WPA2 Protocol Vulnerability

(Hugh) #1

There isn’t a lot of information yet but there is a huge stack of CVE numbers. Essentially, your wireless access point at home (and in many businesses) is insecure in that anyone can read the traffic going between your machine and the WAP. HTTPS should minimise the attack vector to an extent but the potential for network intrusion (we don’t know how big this is yet) is very, very worrying.

(Andre Borie) #2

That’s why we have HTTPS :slight_smile:

(Danny) #3

This is my home wifi

(Hugh) #4

Not really, we don’t know how big this is but it implies network intrusion is possible, not just eavesdropping.

I really hope not!

(Andre Borie) #5

Yeah but what good is it gonna do against HTTPS? It’s explicitly designed against eavesdropping and tampering/interception.

(Hugh) #6

Wonderful :stuck_out_tongue:
But you still have someone on your corporate network running wild and free…

(Andre Borie) #7

So design your network around that. It’s been ages since I’ve configured any kind of service to blindly trust the local network. As far as my machines are concerned there’s no difference whether you’re inside or outside, you’ll still be asked for a client certificate, and I have yet to see any downside of this approach. :wink:

(Hugh) #8

Totally agree :wink:
But the issue isn’t with the people that have taken that approach, it’s with the many that haven’t and whether they will ever actually install a patch…

(Andre Borie) #9

True but in the grand scheme of things this isn’t that big of a deal - this vulnerability requires physical access while there’s plenty more that don’t and those people are more likely to get compromised by those rather than someone actually attacking the Wi-Fi layer.

(Hugh) #10

We don’t know that yet! Details have not been announced :stuck_out_tongue:

(Andre Borie) #11

We still know that at the minimum this will require physical access so it isn’t a big deal compared to the tons of other vulnerabilities exploitable remotely.

(knows someone who knows Tom quite well) #12

But it will take a very long time before all the home routers are patched.

(Hugh) #13

If at all…
I doubt vendors for some of the older ones will even bother issuing patches. Most consumers don’t know how to login to their router, and most routers don’t have auto-upgrade features!

(Hugh) #14


Check out the above for more information, apparently the vuln is particularly bad for Android 6.0 or above and Linux:

For reference:

CVE-2017-13077: Reinstallation of the pairwise encryption key (PTK-TK) in the 4-way handshake.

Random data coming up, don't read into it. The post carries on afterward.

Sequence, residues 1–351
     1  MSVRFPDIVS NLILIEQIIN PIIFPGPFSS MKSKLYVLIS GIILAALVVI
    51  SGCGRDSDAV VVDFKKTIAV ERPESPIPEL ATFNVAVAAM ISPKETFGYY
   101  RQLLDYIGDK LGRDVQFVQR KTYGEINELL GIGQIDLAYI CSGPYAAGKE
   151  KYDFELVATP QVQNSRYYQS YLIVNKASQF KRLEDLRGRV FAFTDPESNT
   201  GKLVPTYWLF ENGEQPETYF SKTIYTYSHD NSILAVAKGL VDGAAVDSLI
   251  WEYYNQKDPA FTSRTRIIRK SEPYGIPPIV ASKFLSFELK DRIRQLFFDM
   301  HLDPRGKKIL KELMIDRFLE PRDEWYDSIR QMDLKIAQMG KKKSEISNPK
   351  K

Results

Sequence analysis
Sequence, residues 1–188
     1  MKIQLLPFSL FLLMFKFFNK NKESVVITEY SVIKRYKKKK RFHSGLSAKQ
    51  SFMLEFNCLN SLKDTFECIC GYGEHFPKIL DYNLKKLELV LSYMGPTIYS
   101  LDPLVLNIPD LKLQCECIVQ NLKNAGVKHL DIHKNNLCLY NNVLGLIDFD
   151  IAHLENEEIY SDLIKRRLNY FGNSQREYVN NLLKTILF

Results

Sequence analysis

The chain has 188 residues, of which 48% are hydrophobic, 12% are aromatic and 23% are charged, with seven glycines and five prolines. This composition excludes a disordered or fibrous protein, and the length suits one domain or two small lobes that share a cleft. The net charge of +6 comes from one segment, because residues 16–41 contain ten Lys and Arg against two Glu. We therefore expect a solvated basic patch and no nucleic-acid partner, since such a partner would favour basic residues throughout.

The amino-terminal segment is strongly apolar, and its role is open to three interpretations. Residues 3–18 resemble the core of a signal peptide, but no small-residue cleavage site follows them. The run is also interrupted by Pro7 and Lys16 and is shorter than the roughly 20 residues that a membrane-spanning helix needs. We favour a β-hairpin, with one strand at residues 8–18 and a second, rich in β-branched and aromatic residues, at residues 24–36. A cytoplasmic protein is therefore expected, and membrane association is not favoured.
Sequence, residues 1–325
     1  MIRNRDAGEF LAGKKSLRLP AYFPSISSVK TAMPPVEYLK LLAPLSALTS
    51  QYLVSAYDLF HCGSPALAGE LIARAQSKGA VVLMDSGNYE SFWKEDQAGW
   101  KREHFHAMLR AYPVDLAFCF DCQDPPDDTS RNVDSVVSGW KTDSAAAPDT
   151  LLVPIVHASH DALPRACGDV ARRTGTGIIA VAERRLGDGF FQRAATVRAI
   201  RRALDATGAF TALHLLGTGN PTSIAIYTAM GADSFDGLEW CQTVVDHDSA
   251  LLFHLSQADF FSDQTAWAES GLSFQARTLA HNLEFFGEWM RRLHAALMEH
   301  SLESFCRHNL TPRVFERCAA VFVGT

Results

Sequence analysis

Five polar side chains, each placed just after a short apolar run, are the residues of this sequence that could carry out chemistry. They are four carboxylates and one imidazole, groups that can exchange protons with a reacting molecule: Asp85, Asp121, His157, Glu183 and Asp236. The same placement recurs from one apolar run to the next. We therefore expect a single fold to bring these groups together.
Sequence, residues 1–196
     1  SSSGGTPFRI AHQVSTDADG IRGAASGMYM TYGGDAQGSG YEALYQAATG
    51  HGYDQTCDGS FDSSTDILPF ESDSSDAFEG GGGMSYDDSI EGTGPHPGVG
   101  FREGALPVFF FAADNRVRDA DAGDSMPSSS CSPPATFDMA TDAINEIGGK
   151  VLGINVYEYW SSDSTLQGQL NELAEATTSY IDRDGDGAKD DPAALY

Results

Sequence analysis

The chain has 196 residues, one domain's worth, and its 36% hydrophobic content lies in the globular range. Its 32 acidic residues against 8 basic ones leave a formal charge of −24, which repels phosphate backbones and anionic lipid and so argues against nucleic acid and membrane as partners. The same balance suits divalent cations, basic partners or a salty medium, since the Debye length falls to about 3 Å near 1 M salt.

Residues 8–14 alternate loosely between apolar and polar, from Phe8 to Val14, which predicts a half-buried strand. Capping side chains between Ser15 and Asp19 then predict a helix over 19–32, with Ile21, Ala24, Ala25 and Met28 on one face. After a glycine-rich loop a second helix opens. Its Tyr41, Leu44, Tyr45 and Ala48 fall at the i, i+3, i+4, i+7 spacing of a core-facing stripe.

CVE-2017-13078: Reinstallation of the group key (GTK) in the 4-way handshake.
CVE-2017-13079: Reinstallation of the integrity group key (IGTK) in the 4-way handshake.
CVE-2017-13080: Reinstallation of the group key (GTK) in the group key handshake.
CVE-2017-13081: Reinstallation of the integrity group key (IGTK) in the group key handshake.
CVE-2017-13082: Accepting a retransmitted Fast BSS Transition (FT) Reassociation Request and reinstalling the pairwise encryption key (PTK-TK) while processing it.
CVE-2017-13084: Reinstallation of the STK key in the PeerKey handshake.
CVE-2017-13086: reinstallation of the Tunneled Direct-Link Setup (TDLS) PeerKey (TPK) key in the TDLS handshake.
CVE-2017-13087: reinstallation of the group key (GTK) when processing a Wireless Network Management (WNM) Sleep Mode Response frame.
CVE-2017-13088: reinstallation of the integrity group key (IGTK) when processing a Wireless Network Management (WNM) Sleep Mode Response frame.

Good news is that this attack seems to be primarily against the client, which people tend to update more, so there is less reliance on vendors updating WAPs.

(Hugh) #15

Turns out HTTPS isn’t a reliable defence and can be stripped. Yes you lose the green padlock but how many users actually check that?

This is bad.

(Andre Borie) #16

Most sites use HSTS which means after connecting to them once with HTTPS your browser will prevent you from connecting to it via HTTP or bypassing the certificate warning so I don’t see it as a big issue.

Again except for high-value networks like in the enterprise I don’t see this as a big deal - nobody is gonna target the average user as this requires actually getting close enough to get within wireless range, and as far as ignoring certificate errors users are already at much greater risk due to remote exploits like compromising their router so if they’ve managed to survive until now I don’t think this particular vulnerability will affect them that much.

(Hugh) #17

Yeah but not that many sites implement HSTS.

I agree with the last bit…for the moment but if it wasn’t patched that could change.

(Andre Borie) #18

From the info I’ve read so far it seems like the issue is on the client side so OS updates should take care of it for the most part.

(Danny) #19

Just had this from Cisco:

We are reaching out to inform you of a new security vulnerability that has been recently discovered. The vulnerability has been documented as CVE-2017-13082 and makes Access Points with 802.11r enabled vulnerable to attacks. Customers that do not use 802.11r are not impacted.

The fix for the vulnerability is available in firmware versions MR 24.11 and MR 25.7. More information can be found here. You can upgrade your networks using the new ‘Firmware Upgrade Tool’ if you are not currently running these patched versions. Optionally, you can skip this version of firmware but this is not recommended. If you choose to skip upgrading to the latest firmware, we strongly urge you to disable 802.11r. You can disabled 802.11r for an SSID from the ‘Access Control’ page in dashboard.


(knows someone who knows Tom quite well) #20

uibuiqiti have released updated firmware too.